interest of fairness to all students who desire a classroom environment conducive to
learning, no students will be allowed to share books. If students come to class without
their own books, they must not infringe upon the rights of those who come prepared.
• Beepers and cellular phones must be turned off prior to class

Academic Integrity: You are expected to adhere to the policies of academic integrity as
outlined in the Students' Rights and Responsibilities Handbook. Violation of the policies will
result in disciplinary action also outlined in the handbook.

COURSE OUTLINE

Week 1
W 1/9 – Introduction to course
F 1/11 – Write diagnostic paragraph; prewriting review

Week 2
M 1/14 – Prewriting review; read pgs. 25-33; complete Activities for techniques 1, 3 & 5
W 1/16 – Lab orientation
F 1/18 – Grammar pretest

Week 3
M 1/21 – Martin Luther King Day (no class)
W 1/23 – Structure review, read pgs. 5-13, complete all Activities
F 1/25 – Structure review, read pgs. 52-57; complete Activities 11, 12, pg. 67-68

Week 4
M 1/28 – Evaluate class thesis statements (Facebook); Introductions & Conclusions; read pgs.
89-95
W 1/30 – First draft of essay #1 due; peer reviews
F 2/1 – Using details, read pgs. 57-63; show clip of tv show

Week 5
M 2/4 – Using details; post on Facebook: share a paragraph for your essay that illustrates
excellent detail and respond to at least three other posts.
W 2/6 – Final draft of Essay #1 due; subjects and verbs, pgs. 450-454, complete all Activities
F 2/8 – Continue subjects and verbs

Week 6
M 2/11 – Read “Shame,” pgs. 645-49. post on Facebook: “Did the story remind you of any
personal events in which you felt shame or similar emotions?”
W 2/13 – Write Essay #2
F 2/15 – Peer review; transitions, read pgs. 83-87; complete Activity 2, pgs, 84-86

Week 7
M 2/18 – Continue peer review; service-learning orientation
W 2/20 – Final draft of essay #2 due; Fragments, read pgs. 456-65; complete all Activities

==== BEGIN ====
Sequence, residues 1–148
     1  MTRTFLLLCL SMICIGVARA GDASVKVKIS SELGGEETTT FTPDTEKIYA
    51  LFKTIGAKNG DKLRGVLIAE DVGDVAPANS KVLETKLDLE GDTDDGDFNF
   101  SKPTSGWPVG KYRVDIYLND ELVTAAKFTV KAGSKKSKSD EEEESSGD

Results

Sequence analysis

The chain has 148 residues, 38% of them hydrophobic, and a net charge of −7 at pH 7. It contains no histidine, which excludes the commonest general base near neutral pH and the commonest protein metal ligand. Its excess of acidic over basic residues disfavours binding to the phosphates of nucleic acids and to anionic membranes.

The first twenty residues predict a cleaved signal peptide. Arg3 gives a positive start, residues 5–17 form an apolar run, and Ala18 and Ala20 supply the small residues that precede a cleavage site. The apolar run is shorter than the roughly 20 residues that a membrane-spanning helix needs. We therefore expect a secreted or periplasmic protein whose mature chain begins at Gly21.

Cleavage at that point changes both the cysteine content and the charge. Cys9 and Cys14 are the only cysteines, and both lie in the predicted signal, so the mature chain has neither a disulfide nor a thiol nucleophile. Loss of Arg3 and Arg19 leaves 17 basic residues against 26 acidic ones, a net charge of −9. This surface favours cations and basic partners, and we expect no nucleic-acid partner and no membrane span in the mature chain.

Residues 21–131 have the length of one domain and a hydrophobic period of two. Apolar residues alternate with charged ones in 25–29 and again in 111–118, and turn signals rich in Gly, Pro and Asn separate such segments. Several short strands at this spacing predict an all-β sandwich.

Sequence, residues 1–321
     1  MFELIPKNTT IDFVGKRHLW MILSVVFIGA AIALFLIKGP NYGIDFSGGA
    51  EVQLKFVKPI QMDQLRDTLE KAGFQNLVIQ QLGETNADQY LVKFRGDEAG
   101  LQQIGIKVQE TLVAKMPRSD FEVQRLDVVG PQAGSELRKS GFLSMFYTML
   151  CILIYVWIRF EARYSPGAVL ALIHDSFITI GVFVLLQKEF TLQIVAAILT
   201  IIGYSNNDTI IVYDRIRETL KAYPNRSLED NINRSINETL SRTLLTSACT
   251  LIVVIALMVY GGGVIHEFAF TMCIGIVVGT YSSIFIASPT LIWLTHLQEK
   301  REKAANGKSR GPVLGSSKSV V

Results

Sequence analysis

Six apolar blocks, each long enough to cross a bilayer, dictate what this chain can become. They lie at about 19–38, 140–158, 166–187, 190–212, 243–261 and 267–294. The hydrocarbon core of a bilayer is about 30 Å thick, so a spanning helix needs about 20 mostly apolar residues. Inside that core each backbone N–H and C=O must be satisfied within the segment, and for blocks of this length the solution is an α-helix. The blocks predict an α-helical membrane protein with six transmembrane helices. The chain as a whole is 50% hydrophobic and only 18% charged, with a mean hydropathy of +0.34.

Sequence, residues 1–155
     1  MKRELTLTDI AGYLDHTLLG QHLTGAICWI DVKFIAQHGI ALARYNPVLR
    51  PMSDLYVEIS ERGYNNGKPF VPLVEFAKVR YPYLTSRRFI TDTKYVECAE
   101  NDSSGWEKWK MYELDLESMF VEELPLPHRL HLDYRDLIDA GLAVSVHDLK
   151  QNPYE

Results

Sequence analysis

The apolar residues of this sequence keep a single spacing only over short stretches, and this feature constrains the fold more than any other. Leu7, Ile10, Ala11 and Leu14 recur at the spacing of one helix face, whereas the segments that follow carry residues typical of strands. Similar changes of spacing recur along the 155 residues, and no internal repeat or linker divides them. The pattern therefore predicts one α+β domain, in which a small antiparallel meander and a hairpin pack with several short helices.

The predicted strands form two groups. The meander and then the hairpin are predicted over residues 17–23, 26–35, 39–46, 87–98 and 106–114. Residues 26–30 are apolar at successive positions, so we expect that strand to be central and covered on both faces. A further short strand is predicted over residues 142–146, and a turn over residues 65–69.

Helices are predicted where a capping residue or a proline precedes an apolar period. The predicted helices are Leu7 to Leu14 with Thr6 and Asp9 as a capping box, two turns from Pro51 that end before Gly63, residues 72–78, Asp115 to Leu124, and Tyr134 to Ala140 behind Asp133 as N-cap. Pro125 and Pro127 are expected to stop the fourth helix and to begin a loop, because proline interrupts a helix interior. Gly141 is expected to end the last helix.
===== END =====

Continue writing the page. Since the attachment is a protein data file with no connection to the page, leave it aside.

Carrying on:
F 2/22 – Run-ons; read pgs. 470-79, complete all Activities

Week 8
M 2/25 – Finish run-ons & fragments; comparison & contrast; “What is an American?”
W 2/27 – Quiz #1 (fragments and run-ons)
F 2/29 – Read comparison & contrast review, pgs. 288-93

Before class on Monday, post a draft of essay #3 with an outline on Facebook. Make sure to
sign up for a writing circle and bring 5 copies of the essay with you. On the days you don’t
meet in your circle, work on your lab and service-learning.

Week 9
M 3/3 – Writing Circles
W 3/5 – Writing Circles
F 3/7 – Writing Circles

Week 10
M 3/10 – Subject-verb agreement, read pgs. 493-95; complete all Activities
W 3/12 – Regular & Irregular verbs, read pgs. 483-90; complete all Activities
F 3/14 – Continue verb review; final draft of essay #3 due

Week 11
M 3/17 – Quiz #2 (agreement and irregular verbs); review grammar pretest
W 3/19 – Read “The Professor is a Dropout,” pgs. 683-89: post on Facebook: What does the
reading say about the American Dream? In what ways does Lupe accomplish this dream? Is your
vision of the American Dream different in any important ways?
F 3/21 – Spring Break Recess (no class)

Week 12
M 3/24 – Service-learning & immigration reflection day (must complete at least one service-
learning visit by today)
W 3/26 – Argumentation, read pgs. 350-356
F 3/28 – Continue service-learning and argumentation

Week 13
M 3/31 – Write essay #4
W 4/2 – Pronouns, read pgs. 504-7; complete all activities
F 4/4 -- Pronouns, read pgs. 510-15; complete all Activities

Week 14
M 4/7 – Service-Learning & Immigration reflection: discuss essay #5
W 4/9 – Adjectives & Adverbs, read pgs. 517-20; complete all activities
F 4/11 – Continue adjectives and adverbs; grammar pretest

Week 15
M 4/14 – Write Essay #5
W 4/16 – Peer workshops; Quiz #3 (pronouns and adjectives)
F 4/18 – Misplaced & Dangling Modifiers, read pgs. 523-528; complete all activities

Week 16
M 4/21 – Continue misplaced modifiers; review for final
W 4/23 – Continue review; practice test
F 4/25 – Continue review

Exam Week
M 4/28 – Final Exam
W 4/30 – Final Exam